The XML XSD for Spring and Blueprint now also includes documentation for the configuration you can do outside routes, such as on and other global configurations.


One of the smaller but really lovely new additions is the FluentProducerTemplate which is using a fluent style API as a client API for sending a message to a Camel endpoint. Now you can do this nicely with

template().withBody("Hello World).withHeader("foo", 123").withHeader("bar", 456).to("jms:queue:beer").send();

Rest Producer

The Rest component allows to call REST services now (as a client), where you can pick one of the following Camel components for the HTTP transport: http, http4, netty4-http, jetty, restlet, undertow. You can also refer to a existing swagger api doc and include camel-swagger-java on the classpath, for automatic validation of rest endpoint is configured to use a valid rest operation/parameters.

Circuit Break using Hystrix

We added native support for using Netflixx Hystrix as circuit break in your Camel routes. There is an example included.

Below is another example from an example with Spring Boot calling a service running on WildFly Swarm that runs on Kubernetes cluster (or local) which I have been giving talks about recently.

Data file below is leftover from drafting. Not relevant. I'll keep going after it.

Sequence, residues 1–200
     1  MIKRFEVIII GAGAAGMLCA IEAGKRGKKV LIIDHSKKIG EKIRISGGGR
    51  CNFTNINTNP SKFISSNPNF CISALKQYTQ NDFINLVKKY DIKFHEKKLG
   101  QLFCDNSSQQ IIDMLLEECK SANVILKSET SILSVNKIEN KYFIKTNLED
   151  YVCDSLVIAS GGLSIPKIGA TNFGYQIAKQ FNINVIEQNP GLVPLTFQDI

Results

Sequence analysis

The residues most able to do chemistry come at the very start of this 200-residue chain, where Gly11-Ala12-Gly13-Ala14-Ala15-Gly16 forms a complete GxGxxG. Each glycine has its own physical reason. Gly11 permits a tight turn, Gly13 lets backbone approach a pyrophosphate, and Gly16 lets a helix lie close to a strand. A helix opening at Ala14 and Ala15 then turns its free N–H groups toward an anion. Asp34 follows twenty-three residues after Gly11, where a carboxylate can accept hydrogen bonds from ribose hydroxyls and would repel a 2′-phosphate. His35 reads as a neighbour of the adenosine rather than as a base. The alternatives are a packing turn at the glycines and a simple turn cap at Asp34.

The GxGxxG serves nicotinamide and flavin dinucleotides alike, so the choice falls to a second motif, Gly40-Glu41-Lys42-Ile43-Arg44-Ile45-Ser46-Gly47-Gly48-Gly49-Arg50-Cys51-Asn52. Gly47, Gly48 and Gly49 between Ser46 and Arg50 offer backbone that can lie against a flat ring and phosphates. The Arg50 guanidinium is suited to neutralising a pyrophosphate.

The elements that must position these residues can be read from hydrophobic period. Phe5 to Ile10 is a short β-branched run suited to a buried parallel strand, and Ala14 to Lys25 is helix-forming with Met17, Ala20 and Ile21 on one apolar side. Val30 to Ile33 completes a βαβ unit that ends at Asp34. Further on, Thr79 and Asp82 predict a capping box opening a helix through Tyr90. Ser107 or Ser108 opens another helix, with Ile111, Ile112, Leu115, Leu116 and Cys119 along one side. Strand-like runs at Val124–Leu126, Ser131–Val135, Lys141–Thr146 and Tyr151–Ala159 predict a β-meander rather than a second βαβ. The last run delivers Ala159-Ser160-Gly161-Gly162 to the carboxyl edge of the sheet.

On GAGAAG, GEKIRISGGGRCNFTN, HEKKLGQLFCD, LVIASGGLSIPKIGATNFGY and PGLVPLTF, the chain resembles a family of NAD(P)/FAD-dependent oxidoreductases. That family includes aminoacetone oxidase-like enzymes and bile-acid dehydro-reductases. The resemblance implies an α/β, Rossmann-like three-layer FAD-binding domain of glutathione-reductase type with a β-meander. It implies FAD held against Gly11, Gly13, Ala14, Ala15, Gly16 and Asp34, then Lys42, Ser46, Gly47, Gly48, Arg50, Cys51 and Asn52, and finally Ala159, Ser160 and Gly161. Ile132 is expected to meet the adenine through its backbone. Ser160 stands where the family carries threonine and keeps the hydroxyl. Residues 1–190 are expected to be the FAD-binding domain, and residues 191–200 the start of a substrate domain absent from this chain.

public void configure() throws Exception {





.setBody().constant("Nobody want to talk to me")




Zipkin message tracing

The release also includes camel-zipkin which allows to use zipkin for distributed message tracing. You can find more details with the provided example.


The Service Call EIP allows to call remote services with service discovery from a pluggable service registry. For example you can use etdc, consul, ribbon, kubernetes and others are coming.

New Components

As usual each release comes with a number of new components:

  • camel-asterisk – For interacting with Asterisk PBX Servers
  • camel-cm-sms – For sending SMS messages using SM SMS Gateway.